All of our spiritual life is a preparation for this gift. Yet we fail when we take the preparation as the end in itself. We fail when clutch to our own perceived virtues and make idols out of ourselves, our egos, our ascetical practices, our need to please others, and any other thing that we use for our own selfish purposes, and not towards the Gospel Commandments – towards love of God and neighbor. Christ stands at the door of our heart and knocks, but we cannot open the door with hands and fists clutching tightly at our ego and our idols. With all of our perceived talents and virtues, we will be like the foolish virgins who have run out of oil and who’s lamps have gone out. As St. Seraphim of Sarov said, these virgins did not lack virtue, as they were virgins, after all. Rather, that had never attained the Holy Spirit. And when Christ comes, catching us by surprise, we will say, “Lord, did I not prophesy in your name, and cast out demons in your name, and do many mighty works in your name? Did I not donate to building projects and charities in your name? Did I not serve on parish council in your name? Was I not a good farmer or administrator or cook or business person in your name? Did I not do all these good things in your name?” And if we did all these things and neglected the Gospel Commandments, we will hear the dreaded words: I never knew you: depart from me, ye that work iniquity (Matthew 7). For as St. Paul says:
Though I speak with the tongues of men and of angels, and have not love, I am become as sounding brass, or a tinkling cymbal. And though I have the gift of prophecy, and understand all mysteries, and all knowledge; and though I have all faith, so that I could remove mountains, and have not love, I am nothing. And though I bestow all my goods to feed the poor, and though I give my body to be burned, and have not love, it profits me nothing. (1 Cor. 13)
Let us keep this in mind, and let us look to the one person in this world who we can say truly loved God with a perfect love: the most Holy Lady Theotokos. For if to love God is to keep His Commandments, what better example do we have than our champion leader, the Theotokos, who spoke the words, Behold, the handmaid of the Lord! Be it unto me according to Thy word! If to love as a Christian, and as Christ loved, is to suffer – to suffer for the one that we love, who better to exemplify this than the Mother of God, who suffered in spirit with Her Son at the foot of the Cross, and of whom St. Simon prophesied: Yea, a sword shall pierce through thy own soul also.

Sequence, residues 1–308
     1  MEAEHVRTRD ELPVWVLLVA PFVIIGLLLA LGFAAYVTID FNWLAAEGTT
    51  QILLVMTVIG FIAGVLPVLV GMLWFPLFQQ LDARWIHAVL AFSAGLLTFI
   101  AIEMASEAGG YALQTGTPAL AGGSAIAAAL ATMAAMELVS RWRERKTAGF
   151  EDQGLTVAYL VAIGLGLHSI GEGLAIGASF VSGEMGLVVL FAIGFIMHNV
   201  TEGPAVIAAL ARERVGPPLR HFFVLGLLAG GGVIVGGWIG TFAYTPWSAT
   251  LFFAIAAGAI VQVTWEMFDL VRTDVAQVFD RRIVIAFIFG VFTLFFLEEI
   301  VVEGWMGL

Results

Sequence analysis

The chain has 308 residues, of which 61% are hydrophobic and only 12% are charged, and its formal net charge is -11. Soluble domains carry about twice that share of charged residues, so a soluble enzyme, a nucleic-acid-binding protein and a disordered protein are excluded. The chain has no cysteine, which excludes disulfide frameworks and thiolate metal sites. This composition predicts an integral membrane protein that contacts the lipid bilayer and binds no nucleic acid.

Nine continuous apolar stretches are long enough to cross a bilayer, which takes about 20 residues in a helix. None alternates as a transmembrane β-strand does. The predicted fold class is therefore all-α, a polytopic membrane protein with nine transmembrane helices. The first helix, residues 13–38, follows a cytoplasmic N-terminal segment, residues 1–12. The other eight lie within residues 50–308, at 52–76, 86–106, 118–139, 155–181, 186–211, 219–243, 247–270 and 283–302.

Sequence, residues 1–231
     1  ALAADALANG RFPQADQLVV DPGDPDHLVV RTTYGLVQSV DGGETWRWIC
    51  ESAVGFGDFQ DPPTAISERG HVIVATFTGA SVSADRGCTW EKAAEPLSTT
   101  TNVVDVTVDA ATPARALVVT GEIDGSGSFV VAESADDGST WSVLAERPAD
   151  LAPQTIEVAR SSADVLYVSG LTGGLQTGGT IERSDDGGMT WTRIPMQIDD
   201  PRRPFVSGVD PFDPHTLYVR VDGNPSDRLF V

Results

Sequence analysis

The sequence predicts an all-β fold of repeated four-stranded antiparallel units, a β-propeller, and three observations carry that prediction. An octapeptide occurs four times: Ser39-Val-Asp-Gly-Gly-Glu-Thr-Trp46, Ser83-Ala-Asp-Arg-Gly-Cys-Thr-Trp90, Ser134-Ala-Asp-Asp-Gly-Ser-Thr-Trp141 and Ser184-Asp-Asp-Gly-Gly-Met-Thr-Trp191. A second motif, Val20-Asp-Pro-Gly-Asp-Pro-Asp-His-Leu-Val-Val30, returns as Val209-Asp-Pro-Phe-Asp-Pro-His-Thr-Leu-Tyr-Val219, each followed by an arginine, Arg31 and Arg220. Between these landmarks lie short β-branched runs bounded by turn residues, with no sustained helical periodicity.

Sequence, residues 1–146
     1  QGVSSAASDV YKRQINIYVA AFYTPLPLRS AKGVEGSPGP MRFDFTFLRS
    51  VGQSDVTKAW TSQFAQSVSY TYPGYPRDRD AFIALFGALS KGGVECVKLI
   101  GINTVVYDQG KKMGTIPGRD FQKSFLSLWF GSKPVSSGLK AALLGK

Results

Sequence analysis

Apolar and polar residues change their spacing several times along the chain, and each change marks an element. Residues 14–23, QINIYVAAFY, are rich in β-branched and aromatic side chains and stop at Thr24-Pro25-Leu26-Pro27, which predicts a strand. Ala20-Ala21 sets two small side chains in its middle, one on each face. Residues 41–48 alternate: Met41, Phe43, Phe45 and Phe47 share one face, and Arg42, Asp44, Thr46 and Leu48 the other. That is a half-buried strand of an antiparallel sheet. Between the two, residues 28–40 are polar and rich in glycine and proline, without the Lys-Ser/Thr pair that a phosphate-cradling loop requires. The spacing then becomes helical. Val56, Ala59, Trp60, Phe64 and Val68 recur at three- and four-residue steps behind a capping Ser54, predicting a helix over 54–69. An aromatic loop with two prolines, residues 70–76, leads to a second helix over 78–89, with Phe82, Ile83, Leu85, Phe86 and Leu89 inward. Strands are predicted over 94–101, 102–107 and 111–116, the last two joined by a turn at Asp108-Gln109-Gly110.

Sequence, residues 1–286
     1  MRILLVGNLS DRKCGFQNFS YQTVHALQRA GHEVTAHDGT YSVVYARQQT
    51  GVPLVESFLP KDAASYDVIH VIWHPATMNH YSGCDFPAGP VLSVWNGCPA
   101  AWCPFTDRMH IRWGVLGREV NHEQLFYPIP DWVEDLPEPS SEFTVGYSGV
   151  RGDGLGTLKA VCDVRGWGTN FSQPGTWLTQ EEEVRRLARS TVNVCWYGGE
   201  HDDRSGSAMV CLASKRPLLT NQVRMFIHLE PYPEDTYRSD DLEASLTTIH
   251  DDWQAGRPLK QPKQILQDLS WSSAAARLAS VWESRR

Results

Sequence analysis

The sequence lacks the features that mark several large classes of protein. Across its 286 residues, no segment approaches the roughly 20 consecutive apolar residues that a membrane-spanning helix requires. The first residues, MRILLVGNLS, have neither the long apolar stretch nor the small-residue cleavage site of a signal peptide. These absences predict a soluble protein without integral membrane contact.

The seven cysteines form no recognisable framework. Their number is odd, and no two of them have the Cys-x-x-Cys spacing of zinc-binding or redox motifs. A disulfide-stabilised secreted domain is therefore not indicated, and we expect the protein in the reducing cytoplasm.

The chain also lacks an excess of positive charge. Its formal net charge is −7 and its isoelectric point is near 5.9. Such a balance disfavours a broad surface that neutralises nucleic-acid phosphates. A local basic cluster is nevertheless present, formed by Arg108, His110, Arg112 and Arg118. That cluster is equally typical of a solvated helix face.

What we hear in this Commandment in today’s Gospel reading, and what is new in this Commandment, is that we are told to be of one heart with our Heavenly Father – to participate in His love. We are called – and even commanded – to love in the same way that He loves.
If we begin to strive and struggle, spiritually, with a mind on these commandments – to love God and to love our neighbor – then God will send us the gift of grace to destroy the old man and break our stony hearts and of our entrenched egos. And over time, God’s grace will work on us without us even realizing it. We will learn, with God’s grace, to love people at a greater cost, with a greater purity, with less selfishness, with more patience and a more generous heart. We begin in the small things, and as time goes by, God will lead us into the kind of love He calls us to posses and to share – a love which is life-giving, which is light, which is joy, which is faith, which is the beginning of true life and of eternity here and now. Amen.
On this Sunday we celebrate the Synaxis of the Holy Unmercenary Healers, or, as they are also called, the “physicians without silver.” They are those saints who, out of pure love of God and neighbor, healed the sick and mended the souls of others while asking nothing in return. It was a pure self-sacrifice born out of love. Today we remember the great saints Cyrus and John, Tryphon, Artemius, and the others, as well as Cosmas and Damian, who lived and were martyred in Roman times. And of course, we also remember and honor our great patron, the martyr and healer Panteleimon.